a different approach

Let’s get back to writing.

You may know the situation: you have a story that’s not quite working. You show it to some people, and get a couple of very different responses. You may have submitted it somewhere, and one or two people, including most likely, the editor of the magazine where the story was rejected, say that the story is too long and you should cut some aspect.

OK, you’ve done that, but now the story is soul-less. Because what you’ve cut was an element of worldbuilding, and the story has become white-roomy and bland. Yes, the plot may move more quickly, but there is nothing special about the story anymore.

Yes, I’ve just done all this. I had a story that was about 9000 words, cut it and cut it and cut until it was 5500 words, and am now left with a story that’s complete but bland.

In cutting, in listening to the ‘cut this’ as standard response to something the reader found boring, I probably made a mistake. I shouldn’t cut it. I should expand it. I should spend time working the worldbuilding elements into the story in such a way that the characters engage with them. There is a lot more in this story than a one-horse plot, but for it to come out it needs more words, not fewer. This is not a short story. It’s a novella.

Recognise this feeling?


6 comments on “a different approach

  1. I think that there’s a balance between world-building and plot. You can’t cut one and not the other. However, the characters have to interact with the world, not just think about it.
    “I love my new plasma ionic steam iron with psych interface and a troll to use it” = bleh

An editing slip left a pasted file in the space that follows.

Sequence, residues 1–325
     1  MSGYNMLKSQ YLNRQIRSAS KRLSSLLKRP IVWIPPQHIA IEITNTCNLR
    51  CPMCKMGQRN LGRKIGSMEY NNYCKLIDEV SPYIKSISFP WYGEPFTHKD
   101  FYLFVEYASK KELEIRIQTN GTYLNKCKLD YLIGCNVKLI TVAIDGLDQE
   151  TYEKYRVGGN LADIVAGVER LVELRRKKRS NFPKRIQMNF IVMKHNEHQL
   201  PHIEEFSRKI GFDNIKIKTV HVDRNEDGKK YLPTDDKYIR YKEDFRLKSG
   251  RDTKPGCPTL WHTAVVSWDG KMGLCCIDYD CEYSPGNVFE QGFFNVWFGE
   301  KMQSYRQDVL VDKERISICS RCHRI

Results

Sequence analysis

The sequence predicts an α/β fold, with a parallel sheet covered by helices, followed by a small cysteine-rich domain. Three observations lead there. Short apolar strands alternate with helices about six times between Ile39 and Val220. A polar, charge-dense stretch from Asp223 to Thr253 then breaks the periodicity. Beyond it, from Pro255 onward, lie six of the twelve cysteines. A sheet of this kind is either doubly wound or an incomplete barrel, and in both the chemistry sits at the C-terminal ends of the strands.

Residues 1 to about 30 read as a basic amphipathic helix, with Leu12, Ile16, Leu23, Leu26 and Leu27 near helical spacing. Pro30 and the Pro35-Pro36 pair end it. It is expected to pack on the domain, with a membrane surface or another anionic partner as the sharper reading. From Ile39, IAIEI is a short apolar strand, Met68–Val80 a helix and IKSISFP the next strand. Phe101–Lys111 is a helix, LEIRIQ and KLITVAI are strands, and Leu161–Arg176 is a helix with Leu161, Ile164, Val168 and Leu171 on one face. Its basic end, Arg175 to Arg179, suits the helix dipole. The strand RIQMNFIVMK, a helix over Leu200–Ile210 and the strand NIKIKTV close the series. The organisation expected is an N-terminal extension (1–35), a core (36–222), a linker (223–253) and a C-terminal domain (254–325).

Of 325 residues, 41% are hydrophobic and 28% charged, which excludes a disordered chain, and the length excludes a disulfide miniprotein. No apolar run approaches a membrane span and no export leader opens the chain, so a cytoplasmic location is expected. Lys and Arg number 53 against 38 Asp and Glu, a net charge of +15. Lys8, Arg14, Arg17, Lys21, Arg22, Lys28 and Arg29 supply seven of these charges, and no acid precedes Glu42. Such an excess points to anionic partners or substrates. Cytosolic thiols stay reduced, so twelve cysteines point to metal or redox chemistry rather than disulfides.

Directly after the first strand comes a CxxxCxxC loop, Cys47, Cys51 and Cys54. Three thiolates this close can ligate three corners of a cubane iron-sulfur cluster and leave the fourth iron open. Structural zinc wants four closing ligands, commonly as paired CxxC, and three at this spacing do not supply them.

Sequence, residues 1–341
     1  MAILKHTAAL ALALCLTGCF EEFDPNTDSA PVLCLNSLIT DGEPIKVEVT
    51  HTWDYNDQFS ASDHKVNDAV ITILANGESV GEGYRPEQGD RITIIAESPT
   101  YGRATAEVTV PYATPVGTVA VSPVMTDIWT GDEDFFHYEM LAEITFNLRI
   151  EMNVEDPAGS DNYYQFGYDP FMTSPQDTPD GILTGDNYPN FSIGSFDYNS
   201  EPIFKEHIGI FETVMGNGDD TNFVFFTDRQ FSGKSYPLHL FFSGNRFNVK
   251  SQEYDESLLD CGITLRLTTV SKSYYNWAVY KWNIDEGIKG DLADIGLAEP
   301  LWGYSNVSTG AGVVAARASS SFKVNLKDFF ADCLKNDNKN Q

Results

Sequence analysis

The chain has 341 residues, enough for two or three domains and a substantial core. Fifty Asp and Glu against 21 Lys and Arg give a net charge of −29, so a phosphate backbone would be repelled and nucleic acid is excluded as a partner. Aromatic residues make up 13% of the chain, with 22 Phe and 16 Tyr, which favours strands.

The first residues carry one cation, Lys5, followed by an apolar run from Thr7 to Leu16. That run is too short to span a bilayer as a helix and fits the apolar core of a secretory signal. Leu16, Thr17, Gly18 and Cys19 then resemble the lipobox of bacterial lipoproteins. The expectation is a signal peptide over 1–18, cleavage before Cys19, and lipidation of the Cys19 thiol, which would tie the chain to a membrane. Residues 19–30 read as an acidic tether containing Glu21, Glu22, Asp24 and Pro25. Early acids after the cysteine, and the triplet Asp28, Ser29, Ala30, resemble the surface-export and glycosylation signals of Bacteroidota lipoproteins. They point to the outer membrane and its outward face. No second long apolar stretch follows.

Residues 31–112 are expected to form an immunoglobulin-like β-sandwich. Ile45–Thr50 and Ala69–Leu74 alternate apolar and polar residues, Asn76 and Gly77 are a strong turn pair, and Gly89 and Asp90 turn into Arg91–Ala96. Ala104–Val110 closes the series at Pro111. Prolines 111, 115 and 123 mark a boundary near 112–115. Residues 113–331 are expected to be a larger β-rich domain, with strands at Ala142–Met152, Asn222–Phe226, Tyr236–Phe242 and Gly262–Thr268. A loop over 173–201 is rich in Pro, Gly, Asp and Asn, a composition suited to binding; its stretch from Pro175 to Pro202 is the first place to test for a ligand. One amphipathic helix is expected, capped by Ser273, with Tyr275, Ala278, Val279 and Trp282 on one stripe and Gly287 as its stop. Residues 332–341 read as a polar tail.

“I crushed the troll with my new plasm ionic steam iron, with just a thought sent through the psych interface” = better

  2. That just happened to me, actually. I wrote a 9000 word story that just didn’t have enough meat on the bones to support the complexity of the characters or situation. I got cranky at that point, ’cause this story can’t possibly be my first novel. It’s on the back burner now.

    So yes, I recognize the feeling. A worthy post, good lady.

  3. I think you’re right. Sometimes when something is slow or not working, cutting isn’t the best response. Sometimes reworking it, making it more focused or giving it a bit of TLC can make the story better.
    Thanks for sharing this insight.

  4. Every word has to pull its weight, but sometimes there’s a big job to do. Had a novella recently go from 24k to 30k for the second draft. I’m a third of the way through the next round, and it’s grown another thousand words. The story is the same, but the world is getting bigger. Well, and a secondary character is getting a bit more face time with the reader because she’s demanding it.

    • as long as the character is interacting with the extra setting, and as long as the extra words bring tension, there shouldn’t be a problem. Skinny isn’t always the best way to tell a story. It’s easy to make it too sparse and cut the life out of it

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